Congress

NASA chief warns yearlong stopgap could cripple return to moon

Sen. Moran asked Administrator Bridenstine for help winning over former House colleagues

The image of a Saturn V, the rocket that sent Apollo 11 into orbit on July 16, 1969, is projected on the Washington monument on July 16, 2019, to mark the 50th anniversary of the Apollo 11 mission to land the first man on the moon. (Bill Clark/CQ Roll Call)

With celebrations underway marking the 50th anniversary of the Apollo 11 mission, the NASA administrator is warning that a full-year stopgap spending bill, like one recently floated by the Trump administration, would be “devastating” to U.S. efforts to get back to the moon.

Administrator Jim Bridenstine was at the Senate Commerce Committee Wednesday for a hearing on space exploration to the moon and Mars, when Chairman Roger Wicker, a Mississippi Republican, asked about the potential consequences of a yearlong continuing resolution, or CR.

The administrator praised the efforts and spending by private-sector partners, but he noted that significant federal investment is needed for the new lunar lander.

UNITED STATES - JULY 17: NASA Administrator James Bridenstine prepares to testify during the Senate Commerce, Science and Transportation Committee hearing on "Moon to Mars: NASA's Plans for Deep Space Exploration" on Wednesday, July 17, 2019. (Photo By Bill Clark/CQ Roll Call)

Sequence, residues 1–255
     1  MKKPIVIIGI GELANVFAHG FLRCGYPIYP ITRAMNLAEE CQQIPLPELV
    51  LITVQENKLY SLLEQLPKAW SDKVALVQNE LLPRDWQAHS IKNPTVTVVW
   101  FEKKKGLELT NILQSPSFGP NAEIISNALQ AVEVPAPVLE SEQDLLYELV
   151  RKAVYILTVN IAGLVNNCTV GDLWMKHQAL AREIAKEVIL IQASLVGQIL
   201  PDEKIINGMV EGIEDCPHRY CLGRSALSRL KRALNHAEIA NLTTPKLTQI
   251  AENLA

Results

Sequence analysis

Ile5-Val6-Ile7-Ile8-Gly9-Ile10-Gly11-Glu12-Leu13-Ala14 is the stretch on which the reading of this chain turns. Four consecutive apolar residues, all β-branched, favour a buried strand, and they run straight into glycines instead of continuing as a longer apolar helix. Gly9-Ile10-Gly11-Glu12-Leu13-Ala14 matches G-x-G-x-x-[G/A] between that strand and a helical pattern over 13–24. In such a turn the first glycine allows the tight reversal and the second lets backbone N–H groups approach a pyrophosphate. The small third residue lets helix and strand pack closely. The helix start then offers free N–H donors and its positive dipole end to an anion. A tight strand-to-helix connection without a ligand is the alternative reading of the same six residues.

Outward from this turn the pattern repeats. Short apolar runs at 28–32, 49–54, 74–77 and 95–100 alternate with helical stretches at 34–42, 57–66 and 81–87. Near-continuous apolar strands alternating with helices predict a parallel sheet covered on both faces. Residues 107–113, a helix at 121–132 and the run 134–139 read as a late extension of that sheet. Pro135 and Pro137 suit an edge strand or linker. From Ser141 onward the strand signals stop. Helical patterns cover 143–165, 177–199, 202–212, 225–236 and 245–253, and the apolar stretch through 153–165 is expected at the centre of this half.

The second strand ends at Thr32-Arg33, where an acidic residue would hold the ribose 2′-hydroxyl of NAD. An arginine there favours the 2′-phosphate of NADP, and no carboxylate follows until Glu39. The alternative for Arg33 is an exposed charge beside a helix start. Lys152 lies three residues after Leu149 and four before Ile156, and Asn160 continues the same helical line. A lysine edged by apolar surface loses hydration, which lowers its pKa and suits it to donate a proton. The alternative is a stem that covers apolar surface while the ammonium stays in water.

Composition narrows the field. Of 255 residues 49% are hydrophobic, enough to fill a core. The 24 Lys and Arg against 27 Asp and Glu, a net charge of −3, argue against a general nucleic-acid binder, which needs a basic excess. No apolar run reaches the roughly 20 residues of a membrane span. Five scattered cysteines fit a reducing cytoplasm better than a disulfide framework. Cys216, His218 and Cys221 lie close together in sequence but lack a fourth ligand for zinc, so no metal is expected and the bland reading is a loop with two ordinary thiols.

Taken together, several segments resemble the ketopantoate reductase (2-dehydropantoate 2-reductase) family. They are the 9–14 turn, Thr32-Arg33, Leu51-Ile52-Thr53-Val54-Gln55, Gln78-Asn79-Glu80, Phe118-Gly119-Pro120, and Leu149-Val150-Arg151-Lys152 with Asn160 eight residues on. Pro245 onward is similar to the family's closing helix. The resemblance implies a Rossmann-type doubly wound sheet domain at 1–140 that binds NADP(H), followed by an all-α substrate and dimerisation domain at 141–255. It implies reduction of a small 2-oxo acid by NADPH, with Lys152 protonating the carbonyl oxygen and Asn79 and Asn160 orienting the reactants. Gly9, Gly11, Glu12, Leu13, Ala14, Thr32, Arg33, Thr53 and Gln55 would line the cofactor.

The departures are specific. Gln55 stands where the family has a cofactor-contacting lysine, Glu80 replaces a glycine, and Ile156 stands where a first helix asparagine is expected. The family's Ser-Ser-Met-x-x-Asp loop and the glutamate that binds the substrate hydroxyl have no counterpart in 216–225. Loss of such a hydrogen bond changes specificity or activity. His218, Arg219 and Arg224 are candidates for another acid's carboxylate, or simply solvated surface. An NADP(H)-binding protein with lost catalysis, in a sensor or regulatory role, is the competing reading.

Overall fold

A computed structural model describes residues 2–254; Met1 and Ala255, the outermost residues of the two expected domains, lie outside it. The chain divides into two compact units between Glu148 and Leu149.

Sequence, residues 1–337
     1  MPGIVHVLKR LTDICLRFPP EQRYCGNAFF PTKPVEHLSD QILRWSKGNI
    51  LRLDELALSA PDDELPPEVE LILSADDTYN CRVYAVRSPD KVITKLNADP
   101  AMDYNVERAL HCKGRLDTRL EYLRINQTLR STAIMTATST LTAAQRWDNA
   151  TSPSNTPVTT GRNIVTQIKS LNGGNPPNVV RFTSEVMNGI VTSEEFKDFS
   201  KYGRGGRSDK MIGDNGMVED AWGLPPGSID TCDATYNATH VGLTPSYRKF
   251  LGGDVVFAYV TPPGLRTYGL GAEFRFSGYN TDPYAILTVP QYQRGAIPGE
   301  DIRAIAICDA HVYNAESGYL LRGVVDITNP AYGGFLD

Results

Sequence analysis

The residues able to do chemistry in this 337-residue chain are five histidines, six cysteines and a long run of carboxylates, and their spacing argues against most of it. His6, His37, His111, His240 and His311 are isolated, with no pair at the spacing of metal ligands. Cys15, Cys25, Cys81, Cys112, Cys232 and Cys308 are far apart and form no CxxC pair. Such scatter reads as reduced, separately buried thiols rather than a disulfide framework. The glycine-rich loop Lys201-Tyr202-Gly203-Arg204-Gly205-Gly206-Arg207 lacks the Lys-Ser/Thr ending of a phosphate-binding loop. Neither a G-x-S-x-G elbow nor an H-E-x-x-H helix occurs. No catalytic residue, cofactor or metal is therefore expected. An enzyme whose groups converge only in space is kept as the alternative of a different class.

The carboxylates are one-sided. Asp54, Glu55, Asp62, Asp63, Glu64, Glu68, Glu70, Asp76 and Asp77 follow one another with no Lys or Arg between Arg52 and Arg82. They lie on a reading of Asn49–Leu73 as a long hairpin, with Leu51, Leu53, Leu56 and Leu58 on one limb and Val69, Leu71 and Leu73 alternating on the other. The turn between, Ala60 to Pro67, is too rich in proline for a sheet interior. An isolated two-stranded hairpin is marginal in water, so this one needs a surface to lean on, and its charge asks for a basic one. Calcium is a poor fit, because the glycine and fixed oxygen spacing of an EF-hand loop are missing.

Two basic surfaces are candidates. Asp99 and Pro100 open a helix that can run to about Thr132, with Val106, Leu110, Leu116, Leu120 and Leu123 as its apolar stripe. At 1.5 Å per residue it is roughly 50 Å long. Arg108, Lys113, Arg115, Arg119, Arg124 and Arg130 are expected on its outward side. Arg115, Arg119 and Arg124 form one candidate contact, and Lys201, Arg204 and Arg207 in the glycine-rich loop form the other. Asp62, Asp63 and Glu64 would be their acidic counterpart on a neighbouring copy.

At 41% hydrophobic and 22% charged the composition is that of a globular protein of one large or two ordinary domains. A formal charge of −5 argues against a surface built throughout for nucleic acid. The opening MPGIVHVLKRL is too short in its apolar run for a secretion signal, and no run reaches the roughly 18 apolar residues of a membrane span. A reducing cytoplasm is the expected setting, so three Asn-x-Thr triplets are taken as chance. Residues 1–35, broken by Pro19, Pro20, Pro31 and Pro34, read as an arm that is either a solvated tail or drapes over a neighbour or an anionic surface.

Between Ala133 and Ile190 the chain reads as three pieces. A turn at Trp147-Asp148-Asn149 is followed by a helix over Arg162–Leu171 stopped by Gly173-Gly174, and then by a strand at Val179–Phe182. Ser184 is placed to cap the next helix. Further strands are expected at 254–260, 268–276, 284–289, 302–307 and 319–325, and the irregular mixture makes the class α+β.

NASA Administrator Jim Bridenstine prepares to testify during the Senate Commerce, Science and Transportation Committee hearing on “Moon to Mars: NASA’s Plans for Deep Space Exploration.“(Bill Clark/CQ Roll Call)

“What we lack right now is a lander. The United States right now has not had a moon lander since 1972, the last time we landed on the surface of the moon. That’s something that we need to develop,” Bridenstine said. “If we end up in a CR, that lander doesn’t continue to get developed, and we don’t have money in the budget right now to develop a lander. It takes a good bit of time, which is why we need to get started right away."

Added Bridenstine: “If we end up, sir, in a CR for a period of a year or even more, it would be devastating for trying to achieve the goal of landing the next man and the first woman on the south pole.”

The moon's south pole is of particular interest because of the confirmed existence of lunar ice on the surface that would be more accessible than any ice that required burrowing underground.

Bridenstine, previously a fiscally conservative GOP House lawmaker from Oklahoma, also noted that a long-term CR could basically force the space agency to continue work on projects and programs that it would like to steer away from in order to focus on the moon mission.

“The reality is we then do not make investments that we need to make, but even worse, we continue to make investments that we don’t need to make, so it is in fact a waste of money,” he said.

Sen. Jerry Moran implored Bridenstine to make sure the Trump administration and Bridenstine’s own former colleagues in the House understood the importance of being able to get a deal on topline spending to move fiscal 2020 appropriation bills.

Like acting White House Chief of Staff Mick Mulvaney, Bridenstine was a member of the House Freedom Caucus.

Moran is responsible for the NASA budget as chairman of the Commerce-Justice-Science Appropriations Subcommittee.

“I need everyone to know that if we’re going to pursue a more bold plan at NASA, we have to have a budget agreement that allows us to spend the money, and a CR is, as you indicated, is devastating to this cause,” the Kansas Republican said.

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